To redeem the situation, VSNL, Bangalore prepared an innovative plan known as Business Special Plan – Plan 600-800, which offered 800 free calls on a monthly rental of Rs.600 only. The plan was put forward to Chief General Manager at Bangalore for approval. The persistent efforts of K.K. Sen bore fruits and the proposal was approved at the Circle level.
However, at the time of launch K. K. Sen realized that they needed TRAI’s (Telecom Regulatory Authority of India) approval for going ahead. To ensure the unhindered approval of TRAI, modified tariff plans called 500-700 and an economy plan were suggested and sent for approval. While formulating these plans, an attempt was made to segment the market with an intention to target each segment with a customized/specific set of services. Plan 500-700 was targeted at high end users. Here, 700 calls were offered free on a monthly rental of Rs. 500 only. The economy plan carried a rental of just Rs.160 per month with a rate of Rs.l.20 per call. This plan was specially targeted at customers who had more of incoming calls and needed a facility for meeting their specific requirements. The rolling out of these schemes had an immediate impact with nearly 8,000 customers coming over to VSNL Bangalore. Along with these new tariff proposals a number of innovative strategies were introduced by VSNL, Bangalore.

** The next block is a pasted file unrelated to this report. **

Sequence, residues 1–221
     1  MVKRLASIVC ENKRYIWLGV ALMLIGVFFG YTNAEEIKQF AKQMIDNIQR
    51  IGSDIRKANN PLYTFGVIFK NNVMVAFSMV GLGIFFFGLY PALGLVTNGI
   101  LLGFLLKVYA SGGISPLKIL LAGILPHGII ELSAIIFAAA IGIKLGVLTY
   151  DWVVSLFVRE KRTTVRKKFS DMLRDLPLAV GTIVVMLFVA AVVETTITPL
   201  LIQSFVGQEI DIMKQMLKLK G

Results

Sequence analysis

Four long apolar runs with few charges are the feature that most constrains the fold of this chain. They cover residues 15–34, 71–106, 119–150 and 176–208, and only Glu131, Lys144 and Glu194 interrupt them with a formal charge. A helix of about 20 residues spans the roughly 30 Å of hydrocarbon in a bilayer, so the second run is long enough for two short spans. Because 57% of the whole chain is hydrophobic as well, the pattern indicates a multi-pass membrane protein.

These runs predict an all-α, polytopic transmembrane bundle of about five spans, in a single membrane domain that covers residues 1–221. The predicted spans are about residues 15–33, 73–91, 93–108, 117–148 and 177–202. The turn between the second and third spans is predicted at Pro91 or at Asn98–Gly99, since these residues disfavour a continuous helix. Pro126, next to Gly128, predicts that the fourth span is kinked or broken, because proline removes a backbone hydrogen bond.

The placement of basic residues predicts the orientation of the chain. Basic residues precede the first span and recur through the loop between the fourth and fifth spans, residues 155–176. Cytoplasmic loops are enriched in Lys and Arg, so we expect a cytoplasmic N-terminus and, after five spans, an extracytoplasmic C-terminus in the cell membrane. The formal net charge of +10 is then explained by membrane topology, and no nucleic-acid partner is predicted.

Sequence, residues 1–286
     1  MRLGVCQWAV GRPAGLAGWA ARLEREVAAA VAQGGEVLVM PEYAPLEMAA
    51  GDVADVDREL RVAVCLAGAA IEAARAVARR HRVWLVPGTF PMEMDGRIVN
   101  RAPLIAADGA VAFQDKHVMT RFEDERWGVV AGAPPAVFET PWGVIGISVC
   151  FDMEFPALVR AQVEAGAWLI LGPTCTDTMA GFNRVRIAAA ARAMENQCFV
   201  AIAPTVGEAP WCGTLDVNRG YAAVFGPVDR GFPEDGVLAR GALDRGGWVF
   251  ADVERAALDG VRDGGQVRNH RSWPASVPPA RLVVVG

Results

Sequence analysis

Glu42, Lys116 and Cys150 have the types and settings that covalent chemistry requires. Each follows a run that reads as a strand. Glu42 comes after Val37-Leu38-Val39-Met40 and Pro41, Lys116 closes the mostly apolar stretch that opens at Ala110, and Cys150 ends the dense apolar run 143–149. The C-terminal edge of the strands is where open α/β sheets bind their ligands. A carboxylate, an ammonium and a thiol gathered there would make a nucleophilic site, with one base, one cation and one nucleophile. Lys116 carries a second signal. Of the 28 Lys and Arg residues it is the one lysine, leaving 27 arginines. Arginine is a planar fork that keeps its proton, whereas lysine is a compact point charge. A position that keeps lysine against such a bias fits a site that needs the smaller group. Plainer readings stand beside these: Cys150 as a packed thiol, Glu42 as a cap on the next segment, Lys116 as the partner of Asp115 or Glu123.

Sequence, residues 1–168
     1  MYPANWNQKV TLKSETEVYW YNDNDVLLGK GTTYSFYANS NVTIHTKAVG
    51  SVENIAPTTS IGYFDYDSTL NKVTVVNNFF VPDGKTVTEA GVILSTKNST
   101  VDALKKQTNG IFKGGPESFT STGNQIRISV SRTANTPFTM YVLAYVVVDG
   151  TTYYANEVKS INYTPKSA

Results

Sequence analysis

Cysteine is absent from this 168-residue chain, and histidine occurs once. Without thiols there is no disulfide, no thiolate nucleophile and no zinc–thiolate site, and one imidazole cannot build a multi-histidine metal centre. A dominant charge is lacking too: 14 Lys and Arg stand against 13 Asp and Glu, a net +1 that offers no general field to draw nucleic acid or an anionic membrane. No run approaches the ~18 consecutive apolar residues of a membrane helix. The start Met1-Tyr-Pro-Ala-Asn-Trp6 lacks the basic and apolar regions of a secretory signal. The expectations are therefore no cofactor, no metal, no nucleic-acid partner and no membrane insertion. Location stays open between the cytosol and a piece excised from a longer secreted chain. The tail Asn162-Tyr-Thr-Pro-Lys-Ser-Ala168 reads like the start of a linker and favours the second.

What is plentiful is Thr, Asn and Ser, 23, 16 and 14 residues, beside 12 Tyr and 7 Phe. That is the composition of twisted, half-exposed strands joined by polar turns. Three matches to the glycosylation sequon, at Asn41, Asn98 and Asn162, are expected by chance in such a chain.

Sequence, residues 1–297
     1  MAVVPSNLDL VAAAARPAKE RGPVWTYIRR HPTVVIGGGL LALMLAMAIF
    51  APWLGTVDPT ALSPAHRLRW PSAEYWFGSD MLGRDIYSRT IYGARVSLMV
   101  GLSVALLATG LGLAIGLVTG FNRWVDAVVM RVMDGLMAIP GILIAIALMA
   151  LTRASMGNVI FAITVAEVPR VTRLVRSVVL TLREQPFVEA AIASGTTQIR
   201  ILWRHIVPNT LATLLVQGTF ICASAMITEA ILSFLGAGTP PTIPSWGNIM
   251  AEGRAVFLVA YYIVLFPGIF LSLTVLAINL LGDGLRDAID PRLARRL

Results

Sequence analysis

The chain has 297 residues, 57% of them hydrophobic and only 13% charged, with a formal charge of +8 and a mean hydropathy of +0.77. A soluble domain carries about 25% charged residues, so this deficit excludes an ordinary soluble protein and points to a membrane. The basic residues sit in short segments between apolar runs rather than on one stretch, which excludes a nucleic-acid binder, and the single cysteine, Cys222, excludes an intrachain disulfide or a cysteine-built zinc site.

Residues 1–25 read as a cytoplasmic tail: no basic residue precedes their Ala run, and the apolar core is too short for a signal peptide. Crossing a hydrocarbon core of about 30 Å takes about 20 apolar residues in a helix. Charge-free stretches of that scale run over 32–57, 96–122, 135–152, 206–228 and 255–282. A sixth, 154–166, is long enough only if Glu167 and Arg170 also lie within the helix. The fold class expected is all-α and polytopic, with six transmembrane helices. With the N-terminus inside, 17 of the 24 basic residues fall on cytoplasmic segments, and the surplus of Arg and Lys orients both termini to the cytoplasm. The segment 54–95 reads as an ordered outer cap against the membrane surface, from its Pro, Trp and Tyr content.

• The initial registration amount was reduced and new subscribers were offered the facility of paying the amount in installments.
• Call centre functioning since February 2001 to deal with customer grievances was made proactive to ensure better customer care.
• Training was given to the front-end-people for updating their skills and changing the mindsets.
• Tele-shopping service was started which provided a one stop shopping facility, giving the customers the option to choose their telephone numbers, instrument and service.. Installation was assured within 48 hours.
• Phone-on-Phone facility was started wherein customers could obtain a connection installed by simply ringing up for it.
• A bill collecting facility was also introduced to further assist the customers.
• VCC Le., prepaid cards were introduced and even delivered at the doorsteps of the customers.